Barack Obama's just been over in the UK, imploring us not to leave the European Union.
Remainers are in raptures. Leavers are in paroxysms of rage.
Personally, I think Obama has every right to speak his mind on the topic. If I was six months away from stepping down as president of the US, I couldn't be bothered coping with another European drama either.
Subscribe to MoneyWeek
Subscribe to MoneyWeek today and get your first six magazine issues absolutely FREE
Because if the mere threat of "Grexit" was unnerving for Europe, think how rattling Brexit would be
No wonder Barack Obama doesn't want Brexit
Before any American readers write in correcting me on my foreign ignorance, I totally appreciate that this is an outsider's point of view. I'm not au fait with the intricacies of your medical system, your tax system, or any of the other deep-seated nuances that shape a country's politics. If I were, I'd maybe have a different take on things.
And if you're still feeling irritable, just remember your lot were remarkably easily impressed by Tony Blair, so foreign ignorance cuts both ways.
Anyway, I'm just making the point that I've got nothing against Obama and he's got every right to pop over here and make his political views known. And if I were in his shoes, I wouldn't want Brexit either.
Think about it. By the time of the referendum, he'll have less than six months left in power. He wants to be focusing on his legacy and on getting his pal elected. The last thing he needs is Europe rocking the boat (again) while he's hoping to go out on a high.
Brexit would gain him nothing, and might cause him a headache. The status quo keeps Europe bubbling under for a while longer. By the time it becomes a problem again, he'll be working on his golf swing and writing his memoirs.
So why on earth would he want to say anything that might encourage a "leave" vote?
Will Britain really be the scariest place in Europe post-Brexit?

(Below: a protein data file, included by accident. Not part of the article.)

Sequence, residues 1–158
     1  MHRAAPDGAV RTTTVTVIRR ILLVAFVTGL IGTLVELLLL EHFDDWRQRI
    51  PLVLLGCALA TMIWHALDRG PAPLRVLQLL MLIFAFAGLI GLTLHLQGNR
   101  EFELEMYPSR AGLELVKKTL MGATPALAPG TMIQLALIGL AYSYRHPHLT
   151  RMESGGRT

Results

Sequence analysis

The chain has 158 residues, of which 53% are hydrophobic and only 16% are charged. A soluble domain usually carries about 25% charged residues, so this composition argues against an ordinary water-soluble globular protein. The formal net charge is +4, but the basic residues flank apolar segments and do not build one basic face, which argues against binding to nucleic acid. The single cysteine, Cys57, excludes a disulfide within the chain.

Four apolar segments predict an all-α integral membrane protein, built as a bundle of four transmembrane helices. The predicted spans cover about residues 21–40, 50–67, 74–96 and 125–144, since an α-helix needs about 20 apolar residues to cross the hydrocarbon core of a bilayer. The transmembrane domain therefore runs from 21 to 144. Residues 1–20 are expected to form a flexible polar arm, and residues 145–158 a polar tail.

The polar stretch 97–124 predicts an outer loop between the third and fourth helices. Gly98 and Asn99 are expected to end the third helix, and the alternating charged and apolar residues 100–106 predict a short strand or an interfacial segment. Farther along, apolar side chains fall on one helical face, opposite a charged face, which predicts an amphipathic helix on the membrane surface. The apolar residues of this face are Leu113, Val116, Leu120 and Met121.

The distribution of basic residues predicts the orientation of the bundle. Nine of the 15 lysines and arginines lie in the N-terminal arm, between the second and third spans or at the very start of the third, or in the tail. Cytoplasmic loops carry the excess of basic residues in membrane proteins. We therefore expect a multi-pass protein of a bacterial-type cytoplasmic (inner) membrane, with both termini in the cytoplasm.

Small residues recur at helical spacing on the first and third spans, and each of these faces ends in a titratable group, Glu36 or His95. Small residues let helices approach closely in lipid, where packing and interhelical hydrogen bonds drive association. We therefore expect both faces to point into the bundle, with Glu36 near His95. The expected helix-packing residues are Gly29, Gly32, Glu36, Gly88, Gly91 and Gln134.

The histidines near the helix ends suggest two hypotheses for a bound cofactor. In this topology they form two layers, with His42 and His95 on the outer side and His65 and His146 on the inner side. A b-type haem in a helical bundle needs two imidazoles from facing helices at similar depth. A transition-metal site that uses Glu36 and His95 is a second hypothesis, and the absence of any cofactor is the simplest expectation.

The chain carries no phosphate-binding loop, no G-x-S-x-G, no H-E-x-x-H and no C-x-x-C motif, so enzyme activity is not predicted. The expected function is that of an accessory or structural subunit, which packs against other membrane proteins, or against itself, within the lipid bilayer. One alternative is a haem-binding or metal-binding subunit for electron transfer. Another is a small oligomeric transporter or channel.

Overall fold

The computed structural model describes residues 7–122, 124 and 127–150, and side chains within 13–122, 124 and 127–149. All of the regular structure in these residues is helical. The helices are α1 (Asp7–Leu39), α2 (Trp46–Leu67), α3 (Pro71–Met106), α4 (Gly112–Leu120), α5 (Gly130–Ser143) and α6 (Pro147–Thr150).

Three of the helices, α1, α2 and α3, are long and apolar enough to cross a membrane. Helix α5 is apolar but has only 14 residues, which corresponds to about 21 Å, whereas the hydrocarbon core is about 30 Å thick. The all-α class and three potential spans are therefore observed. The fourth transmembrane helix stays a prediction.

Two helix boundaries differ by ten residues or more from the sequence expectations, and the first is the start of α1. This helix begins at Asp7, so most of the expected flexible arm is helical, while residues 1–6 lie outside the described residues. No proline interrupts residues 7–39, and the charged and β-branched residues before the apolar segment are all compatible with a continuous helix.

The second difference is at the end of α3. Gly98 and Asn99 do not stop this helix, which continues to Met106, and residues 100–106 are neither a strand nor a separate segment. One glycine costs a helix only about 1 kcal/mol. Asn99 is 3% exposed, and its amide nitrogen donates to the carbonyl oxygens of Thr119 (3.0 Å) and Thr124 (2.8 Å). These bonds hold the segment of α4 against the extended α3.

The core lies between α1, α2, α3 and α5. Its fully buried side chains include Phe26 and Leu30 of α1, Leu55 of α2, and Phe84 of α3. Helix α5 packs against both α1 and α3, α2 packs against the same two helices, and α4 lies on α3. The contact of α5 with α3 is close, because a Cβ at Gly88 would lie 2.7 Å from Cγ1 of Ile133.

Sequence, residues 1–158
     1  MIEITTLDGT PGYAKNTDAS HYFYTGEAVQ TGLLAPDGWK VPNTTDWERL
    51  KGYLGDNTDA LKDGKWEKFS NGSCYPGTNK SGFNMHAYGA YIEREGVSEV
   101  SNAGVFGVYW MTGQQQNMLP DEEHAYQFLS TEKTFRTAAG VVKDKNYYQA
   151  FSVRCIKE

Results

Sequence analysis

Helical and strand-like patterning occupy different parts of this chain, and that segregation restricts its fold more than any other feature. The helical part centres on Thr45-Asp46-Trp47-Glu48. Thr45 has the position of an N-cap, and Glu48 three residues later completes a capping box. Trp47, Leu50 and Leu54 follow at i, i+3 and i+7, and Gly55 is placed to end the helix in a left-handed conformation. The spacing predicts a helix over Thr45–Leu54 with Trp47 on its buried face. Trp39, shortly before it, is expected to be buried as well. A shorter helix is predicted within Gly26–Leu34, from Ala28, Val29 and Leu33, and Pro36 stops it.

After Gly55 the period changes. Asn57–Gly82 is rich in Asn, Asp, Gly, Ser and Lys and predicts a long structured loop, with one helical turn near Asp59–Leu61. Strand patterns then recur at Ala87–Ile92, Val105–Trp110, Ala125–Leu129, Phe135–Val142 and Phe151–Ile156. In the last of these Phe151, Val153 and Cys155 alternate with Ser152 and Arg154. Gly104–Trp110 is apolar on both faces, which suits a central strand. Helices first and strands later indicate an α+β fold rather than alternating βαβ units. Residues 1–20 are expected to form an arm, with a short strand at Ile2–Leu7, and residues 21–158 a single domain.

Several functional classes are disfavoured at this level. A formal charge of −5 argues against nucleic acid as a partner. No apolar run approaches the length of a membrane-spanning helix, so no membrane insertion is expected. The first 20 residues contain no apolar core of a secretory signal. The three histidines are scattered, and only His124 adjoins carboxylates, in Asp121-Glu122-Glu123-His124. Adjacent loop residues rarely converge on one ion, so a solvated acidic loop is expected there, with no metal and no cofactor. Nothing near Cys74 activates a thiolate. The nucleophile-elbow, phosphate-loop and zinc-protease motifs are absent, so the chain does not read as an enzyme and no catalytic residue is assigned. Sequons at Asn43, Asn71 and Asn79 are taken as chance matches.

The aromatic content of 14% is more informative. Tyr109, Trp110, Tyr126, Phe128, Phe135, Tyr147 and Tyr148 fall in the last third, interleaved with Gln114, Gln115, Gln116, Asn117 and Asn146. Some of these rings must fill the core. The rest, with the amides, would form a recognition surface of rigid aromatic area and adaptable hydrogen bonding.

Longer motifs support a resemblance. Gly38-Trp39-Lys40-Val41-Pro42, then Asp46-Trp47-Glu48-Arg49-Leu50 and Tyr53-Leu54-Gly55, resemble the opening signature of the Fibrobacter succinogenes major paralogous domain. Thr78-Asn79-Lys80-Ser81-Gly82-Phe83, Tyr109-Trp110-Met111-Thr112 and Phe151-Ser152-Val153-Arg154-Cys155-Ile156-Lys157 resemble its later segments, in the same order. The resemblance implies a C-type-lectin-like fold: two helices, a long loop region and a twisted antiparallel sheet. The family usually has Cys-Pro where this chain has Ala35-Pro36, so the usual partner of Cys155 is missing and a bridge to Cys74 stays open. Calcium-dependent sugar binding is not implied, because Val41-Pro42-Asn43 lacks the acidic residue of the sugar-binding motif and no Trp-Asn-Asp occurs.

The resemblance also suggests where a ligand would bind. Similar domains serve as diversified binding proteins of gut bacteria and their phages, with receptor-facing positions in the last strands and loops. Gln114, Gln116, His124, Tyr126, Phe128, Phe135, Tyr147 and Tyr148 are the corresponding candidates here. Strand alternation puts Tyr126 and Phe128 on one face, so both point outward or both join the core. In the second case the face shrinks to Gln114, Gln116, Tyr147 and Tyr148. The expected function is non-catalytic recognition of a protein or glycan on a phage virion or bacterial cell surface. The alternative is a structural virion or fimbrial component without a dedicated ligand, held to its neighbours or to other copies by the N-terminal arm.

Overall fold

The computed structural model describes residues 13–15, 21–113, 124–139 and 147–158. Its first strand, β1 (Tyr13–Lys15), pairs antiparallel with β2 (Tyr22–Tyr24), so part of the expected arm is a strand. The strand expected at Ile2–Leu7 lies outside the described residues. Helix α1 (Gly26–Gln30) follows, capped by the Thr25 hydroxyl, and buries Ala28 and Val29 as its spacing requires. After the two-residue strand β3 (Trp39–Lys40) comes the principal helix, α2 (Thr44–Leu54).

But as Percival Stanion of Pictet Asset Management notes in the Financial Times this morning, Europe should be equally if not more concerned by a British exit.
A crash in the pound is the current big fear. But it's the wrong thing to focus on, says Stanion. There's no particular reason for a mass exodus from the UK. "After all, foreign investors know that even if the UK were to leave, they will be paid in sterling. Their property rights and access to the courts all the things that make owning UK assets attractive would remain in place."
Europe, on the other hand, faces losing "its largest export market" at a time when growth is wobbly and the region as a whole prone to recession (there's one every six years on average, apparently). "Should a slump occur, none of the eurozone's weak links will have sufficient fiscal ammunition."
But the bigger problem is the political one. We're often painted as the awkward squad keen to break up an otherwise happy family of co-operative nations.
But of course, that's nonsense. There are plenty of pro-exit people in other parts of the European Union. It just so happens that they don't have a referendum coming up.
There are also a lot of populist political parties in Europe on both left and right that are keen to change their nation's relationship with the EU or the eurozone. Already several countries in Europe are "between" governments, or facing uncertain elections.